5. JSON RPC API over HTTPS communication

The JSON API channel is expected to be opened at regular intervals
for the exchange of command and control data.  The signaling component
will authenticate using a standard user/role:password or api-key and
request URL:{scheme}://{host}:{port}/ocs/api/cloudinfo using a POST
method with a request body of {"device_ip":"<device ip>",
"load_factor1":"<alias>", "load_factor2":"<alias>"...}.  The upstream
element will use the access token plus ip address to verify the
originators credentials as valid signaling component.  The upstream
element may then pass to the requesting component the IPFIX ID
token, the IPFIX destination address, white lists and mitigation
information.

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METHOD:POST
URL:{scheme}://{host}:{port}/ocs/api/cloudinfo
Request Body:
{"device_ip":"<device ip>", "load_factor1": "<alias>",
"load_factor2": "<alias>" }
Response Body:
{
"access_token":"<Access-Token>",
"export_host":"<ip>",
"whitelist_ips":["<ip1>","<ip2>"..],
"device_threshold_config": {"load_factor1": "% of max",
"load_factor2": "% of max", "load_factor3":"% of max"}
"mitigation_info":{"status":"<status(Inactive,Monitoring,Mitigating)>"
,"swing_flag":"<true or false>",
"blacklistaddrs":["<ip1>","<ip2>"..]}
"custom":"arbitrary data"
}

Request Body:

The device_ip attribute simply details the signaling components source
 address.  The device may also communicate the aliases assigned to
 local load factors of interest e.g. cpu, memory, state table etc.

Response Body:

The access_token will be used for basic authentication of IPFIX
exports to the upstream collector.

The export_host will communicate the ipv4/ipv6 addr of the upstream
IPFIX collector.

The whitelist_ips attribute will allow for an provider or cloud
instance to white list certain ip addresses from which all traffic
should be accepted to ensure that any proxied traffic where the
original address is obscured is not mistaken for a new attack
signature.

The device_threshold_config is an extensible object which allows the
upstream element to set thresholds of common metrics at which to
trigger an SOS=true.  The common metrics are described as load_factors
and may be device specific, these should be expressed as a % of the
maximum capacity.

The mitigation_info object is also extensible and will communicate the
 current status, offramp/restoration status and any relevant black
 list information.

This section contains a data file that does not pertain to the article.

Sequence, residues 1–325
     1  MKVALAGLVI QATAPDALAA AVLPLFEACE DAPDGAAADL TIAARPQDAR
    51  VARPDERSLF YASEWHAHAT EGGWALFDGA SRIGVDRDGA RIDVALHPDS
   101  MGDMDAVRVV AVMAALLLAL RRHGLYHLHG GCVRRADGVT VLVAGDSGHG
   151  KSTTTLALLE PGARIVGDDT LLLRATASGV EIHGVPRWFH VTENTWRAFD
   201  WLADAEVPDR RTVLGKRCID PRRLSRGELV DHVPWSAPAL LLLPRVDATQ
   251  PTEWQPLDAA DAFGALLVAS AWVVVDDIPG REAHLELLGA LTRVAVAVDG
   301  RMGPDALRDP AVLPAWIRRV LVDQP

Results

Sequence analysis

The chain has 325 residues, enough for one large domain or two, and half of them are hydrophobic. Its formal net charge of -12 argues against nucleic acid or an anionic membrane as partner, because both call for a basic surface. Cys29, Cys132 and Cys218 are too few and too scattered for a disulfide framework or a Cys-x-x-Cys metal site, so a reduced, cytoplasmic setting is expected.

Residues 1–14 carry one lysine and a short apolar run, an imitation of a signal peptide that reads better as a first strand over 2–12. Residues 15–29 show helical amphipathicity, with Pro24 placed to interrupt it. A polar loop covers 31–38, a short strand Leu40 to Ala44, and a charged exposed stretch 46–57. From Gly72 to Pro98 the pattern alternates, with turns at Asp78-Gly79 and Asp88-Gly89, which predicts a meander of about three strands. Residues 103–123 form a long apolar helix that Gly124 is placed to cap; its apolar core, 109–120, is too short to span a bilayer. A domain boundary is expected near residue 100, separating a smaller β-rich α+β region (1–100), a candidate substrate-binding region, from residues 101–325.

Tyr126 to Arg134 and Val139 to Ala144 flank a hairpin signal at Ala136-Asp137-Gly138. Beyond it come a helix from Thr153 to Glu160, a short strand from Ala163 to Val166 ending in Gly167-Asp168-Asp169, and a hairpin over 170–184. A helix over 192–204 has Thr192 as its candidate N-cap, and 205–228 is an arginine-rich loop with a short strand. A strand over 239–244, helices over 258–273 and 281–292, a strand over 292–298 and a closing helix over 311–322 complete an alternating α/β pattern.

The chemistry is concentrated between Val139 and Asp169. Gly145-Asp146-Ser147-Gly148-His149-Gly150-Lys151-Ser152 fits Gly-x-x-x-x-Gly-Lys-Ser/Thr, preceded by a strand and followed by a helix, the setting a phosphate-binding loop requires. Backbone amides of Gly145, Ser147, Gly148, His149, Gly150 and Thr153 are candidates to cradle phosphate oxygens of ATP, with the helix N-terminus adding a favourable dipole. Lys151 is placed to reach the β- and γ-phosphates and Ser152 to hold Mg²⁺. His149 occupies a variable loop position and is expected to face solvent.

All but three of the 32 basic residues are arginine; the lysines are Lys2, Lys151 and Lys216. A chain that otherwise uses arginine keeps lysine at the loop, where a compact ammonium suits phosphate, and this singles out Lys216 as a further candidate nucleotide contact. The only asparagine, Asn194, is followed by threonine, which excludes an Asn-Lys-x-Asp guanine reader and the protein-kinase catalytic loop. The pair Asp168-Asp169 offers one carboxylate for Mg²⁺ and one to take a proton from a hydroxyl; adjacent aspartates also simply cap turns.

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The status attribute of the mitigation_info object as 3x states:

* Inactive - no IPFIX messages have been received in the last
health-refresh-timeout period.
* Monitoring - IPFIX messages are being received
* Mitigating - the upstream is actively mitigating a threat

The swing attribute of the mitigation_info object is set either true
or false:

* True - the attack has abated or reduced (if volumetric) to a level
deemed within the capacity of the original signaling component.
* False - the attack mitigation should continue to be handled by the
upstream element.

The blacklistaddrs attribute is a simple set of ipv4 or ipv6 addresses
and allows an upstream element to communicate known bad actors or
compromised hosts to the signaling component.

The custom field may be used for the upstream element to communicate
an arbitrary object.  This could include a portal url in the cloud or
some other yet to be standardised data.


5.1 JSON API Example interaction:

      +-+-+                     +-+-+
      | D |---------HTTPS-------| C |
      +-+-+                     +-+-+
        |                         |
        |                       +-+-+
        +-----------IPFIX-------| I |
                                +-+-+

D = DDoS mitigation device 192.0.2.1
C = Cloud provider 198.51.100.1
I = IPFIX receiver 203.0.113.1

D initiates an https connection to C:
URL: https://user:password@198.51.100.1:443/ocs/api/cloudinfo

D posts:
{
"device_ip":"192.0.2.1"
}


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C responds:
{
"access_token":"abc123",
"export_host":"203.0.113.1",
"whitelist_ips":["203.0.113.254","203.0.113.253"],
"device_threshold_config":
{"load_factor1": "85", "load_factor2": "75", "load_factor3": "85"},
"mitigation_info":
{"status":"Inactive","swing_flag":"True", "blacklistaddrs":[""]},
"custom":{"portal_url":"https://portal.cloud.net/Mitige?=192.0.2.1"}
}

Upon receipt of the response body the device 192.0.2.1 would now
send event exports to the IPFIX receiver at 203.0.113.1 and would
authenticate using the ID "abc123". Periodically a new token may be
exchanged or an alternate IPFIX destination (export_host) set.  In
these instances the signaling component should start using the new